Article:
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【Memory of the past 40 years】Memory of eating in the villages

Time:2018-11-26 14:18:00 Source: China Youth China Youth International

  Food is the paramount necessity of the people.

  Born in a remote mountain village in southern Jiangxi in the late 1980s, I do feel a lot about this long-standing saying. I’ve heard many stories about “eating meat” from my grandparents since my childhood, among which some were actually sad black humors.

  Before the reform and opening-up, some smart guys proposed various methods to improve their diet, of which the most common one was to cook together in the evening. Once, a villager caught dozens of loach in the ditch and invited his neighbors to eat together at night. Hearing the news, some villagers brought bowls of precious rice they had collected, and others picked up cabbages, garlics and onions from their fields. After casual washing, they put the food materials into a big pot, and ate in a crash when they smelled the meat flavor.

  For grandparents’ generation, “eating meat” means eating well. At the threshold of the reform and opening-up policy of “granting the farmland to individual households”, it was not common for farmers to work outside or start their own businesses. Having no other reliable source of income, a family that could raise a few chickens and ducks would receive massive respects. The eggs were for supporting the whole family, and an unexpected fat pig was a plus for the family, paying for the children’s tuition fees, new clothes, and the debts. In the end, “eating meat” became a pipe dream.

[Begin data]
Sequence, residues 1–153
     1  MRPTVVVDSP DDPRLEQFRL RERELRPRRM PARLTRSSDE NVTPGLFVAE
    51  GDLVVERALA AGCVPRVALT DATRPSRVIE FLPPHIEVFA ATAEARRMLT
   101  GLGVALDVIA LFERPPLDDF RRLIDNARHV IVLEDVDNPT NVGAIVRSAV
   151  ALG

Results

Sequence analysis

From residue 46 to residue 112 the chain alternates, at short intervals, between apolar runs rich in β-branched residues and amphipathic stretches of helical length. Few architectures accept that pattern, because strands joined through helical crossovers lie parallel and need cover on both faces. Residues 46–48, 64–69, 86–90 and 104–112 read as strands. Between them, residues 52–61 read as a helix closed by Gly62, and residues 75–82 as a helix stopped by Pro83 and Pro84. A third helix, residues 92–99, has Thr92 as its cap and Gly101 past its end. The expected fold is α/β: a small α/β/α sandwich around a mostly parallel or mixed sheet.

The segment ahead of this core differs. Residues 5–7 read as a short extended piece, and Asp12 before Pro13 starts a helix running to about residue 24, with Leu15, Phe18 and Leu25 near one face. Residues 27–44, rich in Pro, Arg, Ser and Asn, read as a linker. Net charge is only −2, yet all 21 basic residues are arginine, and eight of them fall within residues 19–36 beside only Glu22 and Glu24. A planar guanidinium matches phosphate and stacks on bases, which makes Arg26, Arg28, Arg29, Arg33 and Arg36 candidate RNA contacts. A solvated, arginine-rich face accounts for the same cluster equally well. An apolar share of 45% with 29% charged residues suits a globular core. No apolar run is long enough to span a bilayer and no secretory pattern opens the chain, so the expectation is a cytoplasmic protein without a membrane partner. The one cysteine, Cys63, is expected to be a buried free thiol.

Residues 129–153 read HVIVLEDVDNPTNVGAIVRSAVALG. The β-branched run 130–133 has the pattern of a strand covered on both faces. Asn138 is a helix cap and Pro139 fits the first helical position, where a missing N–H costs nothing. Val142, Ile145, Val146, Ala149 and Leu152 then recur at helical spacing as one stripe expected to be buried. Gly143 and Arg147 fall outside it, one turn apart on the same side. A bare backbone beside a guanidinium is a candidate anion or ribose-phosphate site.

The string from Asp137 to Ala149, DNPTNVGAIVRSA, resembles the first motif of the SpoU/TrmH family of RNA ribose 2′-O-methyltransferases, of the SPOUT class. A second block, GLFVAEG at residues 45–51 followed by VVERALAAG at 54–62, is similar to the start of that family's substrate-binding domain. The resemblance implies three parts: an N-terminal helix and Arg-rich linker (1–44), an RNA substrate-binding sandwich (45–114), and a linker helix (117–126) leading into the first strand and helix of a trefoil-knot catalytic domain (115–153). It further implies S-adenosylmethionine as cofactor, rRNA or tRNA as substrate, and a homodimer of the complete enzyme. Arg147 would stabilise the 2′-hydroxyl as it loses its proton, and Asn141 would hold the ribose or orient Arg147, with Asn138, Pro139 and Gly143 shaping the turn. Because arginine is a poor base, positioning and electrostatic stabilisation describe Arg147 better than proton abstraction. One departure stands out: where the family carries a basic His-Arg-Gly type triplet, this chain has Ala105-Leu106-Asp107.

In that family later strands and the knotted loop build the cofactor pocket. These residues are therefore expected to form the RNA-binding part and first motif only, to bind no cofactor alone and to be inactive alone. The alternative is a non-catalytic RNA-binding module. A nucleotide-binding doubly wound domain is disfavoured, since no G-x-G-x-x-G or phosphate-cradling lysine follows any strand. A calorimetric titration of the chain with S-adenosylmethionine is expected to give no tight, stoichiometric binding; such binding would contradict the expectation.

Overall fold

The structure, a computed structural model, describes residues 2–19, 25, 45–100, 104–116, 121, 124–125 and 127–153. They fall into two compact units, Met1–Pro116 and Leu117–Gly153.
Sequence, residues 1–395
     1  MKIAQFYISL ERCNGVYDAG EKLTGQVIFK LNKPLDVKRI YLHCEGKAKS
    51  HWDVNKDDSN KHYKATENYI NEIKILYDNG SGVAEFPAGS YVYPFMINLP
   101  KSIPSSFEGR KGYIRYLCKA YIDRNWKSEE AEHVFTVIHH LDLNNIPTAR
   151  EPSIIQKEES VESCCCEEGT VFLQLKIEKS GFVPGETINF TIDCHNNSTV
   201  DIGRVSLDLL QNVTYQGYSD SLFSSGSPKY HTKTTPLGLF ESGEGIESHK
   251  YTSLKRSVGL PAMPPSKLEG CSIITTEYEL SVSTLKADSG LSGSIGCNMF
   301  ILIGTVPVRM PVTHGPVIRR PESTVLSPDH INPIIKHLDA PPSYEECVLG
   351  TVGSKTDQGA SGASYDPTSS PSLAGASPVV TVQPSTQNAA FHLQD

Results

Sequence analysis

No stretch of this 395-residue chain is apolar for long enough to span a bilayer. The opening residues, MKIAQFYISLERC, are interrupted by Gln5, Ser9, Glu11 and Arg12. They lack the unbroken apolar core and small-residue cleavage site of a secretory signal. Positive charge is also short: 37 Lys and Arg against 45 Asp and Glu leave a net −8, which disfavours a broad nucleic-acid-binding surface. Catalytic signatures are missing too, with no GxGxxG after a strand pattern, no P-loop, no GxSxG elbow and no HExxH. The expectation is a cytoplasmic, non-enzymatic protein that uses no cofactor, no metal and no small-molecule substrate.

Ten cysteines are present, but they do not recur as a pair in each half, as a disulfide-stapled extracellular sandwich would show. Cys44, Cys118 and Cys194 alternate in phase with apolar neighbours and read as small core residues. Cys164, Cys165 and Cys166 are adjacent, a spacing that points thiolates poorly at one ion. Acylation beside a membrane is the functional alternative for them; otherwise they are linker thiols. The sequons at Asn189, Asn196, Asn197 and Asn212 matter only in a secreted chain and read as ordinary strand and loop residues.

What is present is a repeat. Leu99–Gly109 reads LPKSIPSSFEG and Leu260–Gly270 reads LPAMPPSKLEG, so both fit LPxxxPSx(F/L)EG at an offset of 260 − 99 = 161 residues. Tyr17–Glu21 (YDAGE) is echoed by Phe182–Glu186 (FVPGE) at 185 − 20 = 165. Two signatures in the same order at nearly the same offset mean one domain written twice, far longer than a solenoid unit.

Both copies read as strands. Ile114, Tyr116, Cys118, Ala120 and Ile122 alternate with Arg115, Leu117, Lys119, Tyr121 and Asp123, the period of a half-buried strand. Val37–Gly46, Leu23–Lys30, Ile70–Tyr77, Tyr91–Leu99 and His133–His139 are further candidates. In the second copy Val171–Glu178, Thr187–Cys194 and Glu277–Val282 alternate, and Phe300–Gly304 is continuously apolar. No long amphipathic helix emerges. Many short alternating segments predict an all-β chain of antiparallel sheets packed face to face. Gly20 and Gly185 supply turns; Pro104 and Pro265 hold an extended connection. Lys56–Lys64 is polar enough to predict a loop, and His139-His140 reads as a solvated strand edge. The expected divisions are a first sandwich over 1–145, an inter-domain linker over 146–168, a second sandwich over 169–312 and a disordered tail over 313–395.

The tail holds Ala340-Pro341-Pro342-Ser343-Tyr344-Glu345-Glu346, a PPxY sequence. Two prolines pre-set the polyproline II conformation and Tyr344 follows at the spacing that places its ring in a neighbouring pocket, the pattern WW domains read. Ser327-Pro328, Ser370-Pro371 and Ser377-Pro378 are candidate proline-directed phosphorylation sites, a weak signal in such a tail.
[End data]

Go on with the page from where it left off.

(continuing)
In the 1980s and 1990s, villagers’ life style began to change gradually. Though the material was still insufficient, warmth and mutual understanding have kept people close. During busy farming days, relatives and friends always help each other, bringing their own food materials. Being half-loath and half-consenting, the host finally accepted it happily. When asking a bamboo cutter to cut down a few bamboos behind the house to make some useful objects, a bricklayer to repair the leaky roof or a plasterer to build a cowshed or a pigsty, the hospitable host would typically treat the craftsmen with good dishes such as a few pieces of preserved bacon that have been kept for half a year. Staring at the bacon greedily, they turned to pick up the side dishes. Until completion, under the host’s repeated request, the craftsmen could eat as fast as they wish and unravel their “selfish misconceptions” that have been wrapped up for several days at the last meal.

  Reaching 30 years old, I recognized substantial changes happened in my beautiful hometown when I came back. The verdant mountains are attracting tourists from afar, who breathe the fresh air there as they like. The water is still clear, reflecting white walls and black tiles, rather than the traditional low earth houses. Meat has become commonplace for every household.

  During the past 40 years of reform and opening-up, not to mention the front-runners, we ordinary people have profoundly experienced the great progress of our living standards, enjoyed the soaring sense of happiness brought about by material abundance, and turned the former hardship into beautiful memories, recalling the desire for meat, the fragrance of soy-sauced rice, and the crispness of fried pickles.

Editor:Hou Qianqian
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